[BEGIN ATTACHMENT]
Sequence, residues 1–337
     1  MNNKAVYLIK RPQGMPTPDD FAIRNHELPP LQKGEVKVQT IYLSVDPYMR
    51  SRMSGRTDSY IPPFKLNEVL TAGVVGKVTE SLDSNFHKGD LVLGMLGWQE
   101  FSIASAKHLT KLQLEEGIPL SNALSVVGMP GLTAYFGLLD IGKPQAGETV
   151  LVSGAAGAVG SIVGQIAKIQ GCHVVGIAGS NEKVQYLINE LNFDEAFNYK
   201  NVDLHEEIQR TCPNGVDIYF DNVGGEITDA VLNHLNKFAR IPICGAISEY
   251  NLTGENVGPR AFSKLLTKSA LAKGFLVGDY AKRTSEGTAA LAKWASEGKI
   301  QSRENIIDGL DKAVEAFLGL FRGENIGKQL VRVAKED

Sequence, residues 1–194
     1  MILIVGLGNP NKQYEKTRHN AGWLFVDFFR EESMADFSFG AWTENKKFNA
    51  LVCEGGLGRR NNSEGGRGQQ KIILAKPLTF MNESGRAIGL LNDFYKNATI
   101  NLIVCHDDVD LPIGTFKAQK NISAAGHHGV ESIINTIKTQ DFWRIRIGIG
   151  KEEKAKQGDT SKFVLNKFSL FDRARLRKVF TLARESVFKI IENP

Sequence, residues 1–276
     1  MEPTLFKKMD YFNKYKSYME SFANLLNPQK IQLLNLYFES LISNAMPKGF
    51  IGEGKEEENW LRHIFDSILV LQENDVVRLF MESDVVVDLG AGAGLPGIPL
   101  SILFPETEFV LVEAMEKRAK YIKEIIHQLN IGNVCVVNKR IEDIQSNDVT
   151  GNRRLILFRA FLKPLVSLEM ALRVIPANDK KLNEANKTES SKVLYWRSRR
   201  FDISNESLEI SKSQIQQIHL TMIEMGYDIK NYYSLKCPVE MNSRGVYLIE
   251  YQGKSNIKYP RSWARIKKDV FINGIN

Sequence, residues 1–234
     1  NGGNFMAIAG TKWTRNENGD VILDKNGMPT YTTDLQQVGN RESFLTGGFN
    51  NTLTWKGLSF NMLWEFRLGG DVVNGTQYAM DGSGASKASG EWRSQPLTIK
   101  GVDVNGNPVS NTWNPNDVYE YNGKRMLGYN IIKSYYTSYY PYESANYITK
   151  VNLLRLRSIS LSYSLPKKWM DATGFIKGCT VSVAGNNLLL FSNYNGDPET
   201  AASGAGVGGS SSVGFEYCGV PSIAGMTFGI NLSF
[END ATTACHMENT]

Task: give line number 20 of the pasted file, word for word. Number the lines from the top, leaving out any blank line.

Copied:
   251  YQGKSNIKYP RSWARIKKDV FINGIN